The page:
Building upon the strengths implicit in The Rector of Justin, Auchincloss in The Embezzler uses conflicting narrative voices and viewpoints to illuminate the mythical dimensions of recent American economic history. Departing from the recorded facts of the Wall Street fraud case that led directly to federal control of the American stock market, Auchincloss reinvents the case and its principal characters with credibility and skill, adding human dimension to an otherwise dry, if significant, historical event.
The Embezzler opens with the memoirs of Guy Prime, the title character, writing during 1960 to “set the record straight.” Well into his seventies and living in self-imposed exile in Panama, Guy concedes the facts of his misdeeds but remains quite unrepentant, having paid his debt to society with a prison term; indeed, he reasons, the Franklin Delano Roosevelt administration could hardly wait for an excuse to enact laws already written, and Guy Prime just happened to provide that excuse.
Presumably discovered among Guy’s effects after his death in 1962, his memoirs are subsequently read and commented upon by his former wife and her current husband in the two sections that complete the novel. As in The Rector of Justin, the confrontation of conflicting testimony concerning the same events and people casts considerable doubt upon the possibility of “truth” with regard to human nature; at the end it is doubtful indeed whether any of the characters involved could ever have understood the words or motivations of the others.
Recalling his youth in New York and later at Harvard University, Guy Prime evokes a setting and atmosphere similar to those of Portrait in Brownstone. At Harvard, Guy first meets Reginald “Rex” Geer, the industrious, ambitious son of an austere New Hampshire parson. Initially drawn to each other by the proverbial attraction of opposites, the sybaritic, gregarious New Yorker and the studious, reserved New England Yankee soon become close friends. When Rex is about to drop out of Harvard for financial reasons, Guy intervenes, unseen and unsuspected, to ensure for Rex the scholarship aid that he needs. Indeed, it is Guy’s persistent meddlesome streak (reminiscent of Gussie Millinder and Ida Hartley) that will in time cause most of his problems with Rex, as with other people as well. Easygoing and affable, Guy often tries too hard to keep other people happy, little mindful that they might be happier, or better off, without his “help.”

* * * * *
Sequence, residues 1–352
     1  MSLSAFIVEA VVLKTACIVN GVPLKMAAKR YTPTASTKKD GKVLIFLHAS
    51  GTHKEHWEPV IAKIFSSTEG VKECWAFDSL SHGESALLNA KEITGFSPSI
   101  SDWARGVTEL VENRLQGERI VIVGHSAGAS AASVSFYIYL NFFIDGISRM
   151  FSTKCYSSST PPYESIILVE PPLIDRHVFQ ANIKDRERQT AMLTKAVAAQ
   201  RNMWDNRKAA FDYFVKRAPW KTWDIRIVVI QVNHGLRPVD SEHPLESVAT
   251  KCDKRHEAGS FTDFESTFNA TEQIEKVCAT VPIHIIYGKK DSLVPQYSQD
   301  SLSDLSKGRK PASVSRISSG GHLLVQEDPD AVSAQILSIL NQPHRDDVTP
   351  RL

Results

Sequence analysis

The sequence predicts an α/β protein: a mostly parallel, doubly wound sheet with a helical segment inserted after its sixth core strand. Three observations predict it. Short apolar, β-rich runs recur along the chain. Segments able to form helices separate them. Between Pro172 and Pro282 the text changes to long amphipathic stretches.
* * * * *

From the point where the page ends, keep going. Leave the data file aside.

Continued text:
After Harvard, both Guy Prime and Rex Geer are hired by Marcellus de Grasse, a prosperous private banker and Prime family friend to whom Guy has introduced Rex. Rex rises quickly through the firm; Guy, although moderately successful, finds the work a bit too confining for his expansive temperament and draws on family connections to found his own brokerage house, inviting Rex to join him as full partner. When Rex, true to his own character, refuses, Guy simply cannot understand Rex’s need to succeed on his own. Thereafter, the two men’s differing needs and temperaments continue to strain their friendship, even as their professional relationship grows even closer. Guy’s brokerage firm, soon prosperous, becomes a principal client of Rex’s bank.
During World War I, the two Harvard graduates again find themselves at odds: Guy, among the first to volunteer for combat, is instead assigned to a staff job, presumably because of his skill at meeting people; Rex, late to volunteer because of the pressures of his job, joins the war at the last minute but nevertheless emerges as a true hero. Thereafter, Guy envies Rex the latter’s combat experience, even as Rex remains convinced that Guy could have seen action had he so desired. During the decade to follow, the battle lines between Guy and Rex become even more sharply defined, as their respective approaches to finance come into conflict.
By Guy’s own rueful reckoning, his own decade, the broker’s decade, was that of the...
(The entire section is 1,215 words.)